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My first leopard sighting EVER!

The next morning, I was sipping tea in the balcony of my cottage. The chirping of birds was music to my ears. There were no humans in sight. Just naked trees till where my eyes could see. I heard the scrunching of dried leaves and looked around to find a cobra zig-zaging in a dried up nullah. Petrified, I ran inside the room, shut the door and stayed in there. When I mentioned this to Erwin, he was calm. Cobras are territorial, he said, and this one doesn’t harm. If they got rid of this cobra, another one would mark his territory here and they don’t know if that cobra would be dangerous or not.

This view from my cottage <3

That afternoon, two more guests (Alisha and Vikram) had joined us and we were ready to begin the Satpura Under Canvas expedition. Our first base camp was in Manchakkar, a three hour drive from the lodge. Our vintage meru-style canvas tents were put up near a meandering stream and the portable bathrooms a few meters away in the backyard in the core forest area of Satpura. The tents were strategically placed within a kilometer range of a (locked- up) forest department office.

I had stepped outside my tent at midnight; the chirping of the crickets and the fear of the unknown lurked. On spotting shiny eyes with my torch, I rushed back inside the tent. May be I was imagining a creature that didn’t exist, but would I risk loitering outside…NO!

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Camping in tiger-land 😛

The next morning, the trek had officially begun. We woke up at 5 a.m. It was chilly and dark but I was excited. We hiked 3km until we stopped to have our packed breakfast. Muffins and orange juice, bananas and sandwiches helped us recharge. The sun was not out yet so the weather really was pleasant. But by 10 a.m., my stamina was giving way. It was the month of March and central India’s heat was at its harshest. The forests were dry and the trees naked. This hike was turning out to be a lot tougher than I had anticipated.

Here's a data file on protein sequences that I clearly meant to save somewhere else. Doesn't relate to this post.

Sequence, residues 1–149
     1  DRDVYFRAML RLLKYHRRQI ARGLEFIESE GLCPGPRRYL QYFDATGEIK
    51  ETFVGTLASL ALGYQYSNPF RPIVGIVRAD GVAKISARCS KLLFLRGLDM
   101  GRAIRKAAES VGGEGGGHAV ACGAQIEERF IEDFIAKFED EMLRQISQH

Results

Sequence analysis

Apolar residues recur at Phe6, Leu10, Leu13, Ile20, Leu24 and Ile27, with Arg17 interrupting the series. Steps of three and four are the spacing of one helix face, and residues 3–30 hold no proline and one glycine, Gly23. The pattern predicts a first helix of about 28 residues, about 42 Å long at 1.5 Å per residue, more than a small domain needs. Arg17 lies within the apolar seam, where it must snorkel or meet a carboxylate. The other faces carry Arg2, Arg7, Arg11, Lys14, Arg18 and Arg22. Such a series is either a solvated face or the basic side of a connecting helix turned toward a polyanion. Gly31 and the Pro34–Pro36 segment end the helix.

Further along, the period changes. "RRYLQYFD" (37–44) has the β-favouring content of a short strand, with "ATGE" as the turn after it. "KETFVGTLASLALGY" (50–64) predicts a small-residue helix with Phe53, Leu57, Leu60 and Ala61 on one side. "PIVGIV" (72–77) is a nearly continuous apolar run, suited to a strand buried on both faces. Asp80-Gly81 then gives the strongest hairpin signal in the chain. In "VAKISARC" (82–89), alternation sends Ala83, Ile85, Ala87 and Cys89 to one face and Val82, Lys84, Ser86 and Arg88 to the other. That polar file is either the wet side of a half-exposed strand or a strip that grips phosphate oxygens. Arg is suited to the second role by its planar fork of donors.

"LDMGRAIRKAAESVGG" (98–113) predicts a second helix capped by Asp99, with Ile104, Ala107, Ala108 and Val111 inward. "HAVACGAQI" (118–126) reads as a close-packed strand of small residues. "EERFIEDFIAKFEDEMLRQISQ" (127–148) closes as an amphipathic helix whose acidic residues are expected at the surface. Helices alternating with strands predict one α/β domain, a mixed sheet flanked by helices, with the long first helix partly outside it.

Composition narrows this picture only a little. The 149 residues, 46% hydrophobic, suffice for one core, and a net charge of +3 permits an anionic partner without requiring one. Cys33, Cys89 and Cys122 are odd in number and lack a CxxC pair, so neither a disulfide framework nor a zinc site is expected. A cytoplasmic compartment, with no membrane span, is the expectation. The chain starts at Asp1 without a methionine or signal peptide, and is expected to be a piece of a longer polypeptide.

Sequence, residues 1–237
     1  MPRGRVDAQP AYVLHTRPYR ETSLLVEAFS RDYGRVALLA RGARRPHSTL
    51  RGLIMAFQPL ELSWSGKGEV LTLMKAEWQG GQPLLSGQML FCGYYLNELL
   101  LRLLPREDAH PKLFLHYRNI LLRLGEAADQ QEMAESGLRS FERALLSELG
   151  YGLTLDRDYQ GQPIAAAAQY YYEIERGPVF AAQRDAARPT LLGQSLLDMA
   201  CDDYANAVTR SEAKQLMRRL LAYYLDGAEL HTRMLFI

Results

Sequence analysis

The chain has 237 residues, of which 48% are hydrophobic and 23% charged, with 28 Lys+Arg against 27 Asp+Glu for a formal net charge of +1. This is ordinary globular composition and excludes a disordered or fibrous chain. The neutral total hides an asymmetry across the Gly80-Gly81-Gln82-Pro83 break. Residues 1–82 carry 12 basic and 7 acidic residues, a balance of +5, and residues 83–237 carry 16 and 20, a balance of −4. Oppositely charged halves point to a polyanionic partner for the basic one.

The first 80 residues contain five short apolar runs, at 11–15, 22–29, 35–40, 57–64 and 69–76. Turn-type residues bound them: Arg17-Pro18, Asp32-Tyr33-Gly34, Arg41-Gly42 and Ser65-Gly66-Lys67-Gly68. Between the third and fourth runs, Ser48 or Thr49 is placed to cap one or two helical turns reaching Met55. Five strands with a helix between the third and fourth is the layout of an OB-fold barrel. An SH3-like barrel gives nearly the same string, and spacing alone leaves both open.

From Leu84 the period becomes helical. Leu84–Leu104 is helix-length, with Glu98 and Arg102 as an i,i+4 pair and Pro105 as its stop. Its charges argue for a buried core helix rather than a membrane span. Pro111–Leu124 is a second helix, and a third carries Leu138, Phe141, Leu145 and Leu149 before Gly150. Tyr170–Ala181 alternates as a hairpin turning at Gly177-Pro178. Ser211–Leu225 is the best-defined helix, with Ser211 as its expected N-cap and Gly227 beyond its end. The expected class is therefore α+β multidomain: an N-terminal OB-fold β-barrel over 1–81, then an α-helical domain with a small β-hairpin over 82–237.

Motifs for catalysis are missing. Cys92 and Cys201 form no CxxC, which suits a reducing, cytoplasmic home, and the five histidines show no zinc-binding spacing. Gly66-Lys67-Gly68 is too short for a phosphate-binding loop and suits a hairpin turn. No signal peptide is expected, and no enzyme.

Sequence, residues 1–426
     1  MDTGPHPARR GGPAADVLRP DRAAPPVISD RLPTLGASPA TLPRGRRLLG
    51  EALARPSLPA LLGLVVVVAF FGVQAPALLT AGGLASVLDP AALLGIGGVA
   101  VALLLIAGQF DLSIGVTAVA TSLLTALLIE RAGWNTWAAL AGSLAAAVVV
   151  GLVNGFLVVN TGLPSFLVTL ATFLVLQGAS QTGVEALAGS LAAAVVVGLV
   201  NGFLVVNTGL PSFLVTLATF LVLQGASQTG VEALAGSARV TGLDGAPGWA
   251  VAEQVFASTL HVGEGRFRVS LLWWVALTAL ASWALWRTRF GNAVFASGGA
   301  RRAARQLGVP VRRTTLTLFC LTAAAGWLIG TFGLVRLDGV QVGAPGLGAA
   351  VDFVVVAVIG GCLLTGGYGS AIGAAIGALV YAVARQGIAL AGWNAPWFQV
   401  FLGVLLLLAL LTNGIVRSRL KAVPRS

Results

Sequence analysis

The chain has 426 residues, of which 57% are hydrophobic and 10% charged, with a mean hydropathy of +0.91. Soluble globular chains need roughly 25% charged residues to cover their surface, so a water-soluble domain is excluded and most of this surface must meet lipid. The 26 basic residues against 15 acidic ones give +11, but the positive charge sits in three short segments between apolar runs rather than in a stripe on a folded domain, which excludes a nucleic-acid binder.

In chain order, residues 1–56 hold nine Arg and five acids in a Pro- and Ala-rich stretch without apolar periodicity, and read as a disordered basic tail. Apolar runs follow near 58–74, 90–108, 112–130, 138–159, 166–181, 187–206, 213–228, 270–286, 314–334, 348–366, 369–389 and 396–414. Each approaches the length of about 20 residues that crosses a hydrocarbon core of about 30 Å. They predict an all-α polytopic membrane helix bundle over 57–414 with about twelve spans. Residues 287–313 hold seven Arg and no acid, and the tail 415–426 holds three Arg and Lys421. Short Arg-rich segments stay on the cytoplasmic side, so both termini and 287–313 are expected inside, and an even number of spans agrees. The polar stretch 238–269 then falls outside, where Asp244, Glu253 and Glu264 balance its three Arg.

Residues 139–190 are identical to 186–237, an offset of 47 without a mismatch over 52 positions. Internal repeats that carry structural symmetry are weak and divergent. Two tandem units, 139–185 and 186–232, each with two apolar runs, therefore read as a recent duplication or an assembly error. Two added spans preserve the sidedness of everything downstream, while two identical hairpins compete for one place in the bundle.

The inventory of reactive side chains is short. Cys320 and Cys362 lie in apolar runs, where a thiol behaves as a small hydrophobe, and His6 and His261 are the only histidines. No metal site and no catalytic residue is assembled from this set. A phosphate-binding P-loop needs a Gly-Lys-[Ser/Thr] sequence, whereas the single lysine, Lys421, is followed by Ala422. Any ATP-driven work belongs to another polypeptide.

The Satpura forest is actually pretty

Saib was our guide and the funny man who kept the trek momentum going and the atmosphere far from intense with his one-liners. We hiked deep into the forest looking for exotic birds and getting to know more about the forest ways of life. Sal and Teak trees form a major component of the Satpura forest range. Our sightings included deers and antelope, gaur, woodpeckers and the Indian giant squirrel, carcass of a stray cattle and a freshly dead hare that was a meal of an eagle.

We took a dip in the many gorges whenever we found an opportunity to cool off from the heat. The terrain alternated from a river bed to well marked trails to climbing rocks.

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On day 2 of our trek, I was mentally prepared and not as breathless as I had been the previous day. I walked slow and steady, sometimes to rest but other times to soak in the stunning views.